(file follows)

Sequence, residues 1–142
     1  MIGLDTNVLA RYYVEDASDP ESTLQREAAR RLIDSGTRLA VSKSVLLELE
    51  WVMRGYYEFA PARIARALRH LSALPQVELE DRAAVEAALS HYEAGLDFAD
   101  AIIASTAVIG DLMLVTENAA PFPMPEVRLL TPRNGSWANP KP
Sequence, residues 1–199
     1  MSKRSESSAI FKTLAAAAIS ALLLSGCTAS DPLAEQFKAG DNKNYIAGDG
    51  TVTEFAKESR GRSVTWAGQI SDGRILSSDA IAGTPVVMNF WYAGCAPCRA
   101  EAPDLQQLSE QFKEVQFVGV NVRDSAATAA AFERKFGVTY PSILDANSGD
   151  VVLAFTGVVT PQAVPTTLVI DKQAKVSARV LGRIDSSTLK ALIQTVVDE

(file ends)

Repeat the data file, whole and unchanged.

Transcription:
Sequence, residues 1–142
     1  MIGLDTNVLA RYYVEDASDP ESTLQREAAR RLIDSGTRLA VSKSVLLELE
    51  WVMRGYYEFA PARIARALRH LSALPQVELE DRAAVEAALS HYEAGLDFAD
   101  AIIASTAVIG DLMLVTENAA PFPMPEVRLL TPRNGSWANP KP
Sequence, residues 1–199
     1  MSKRSESSAI FKTLAAAAIS ALLLSGCTAS DPLAEQFKAG DNKNYIAGDG
    51  TVTEFAKESR GRSVTWAGQI SDGRILSSDA IAGTPVVMNF WYAGCAPCRA
   101  EAPDLQQLSE QFKEVQFVGV NVRDSAATAA AFERKFGVTY PSILDANSGD
   151  VVLAFTGVVT PQAVPTTLVI DKQAKVSARV LGRIDSSTLK ALIQTVVDE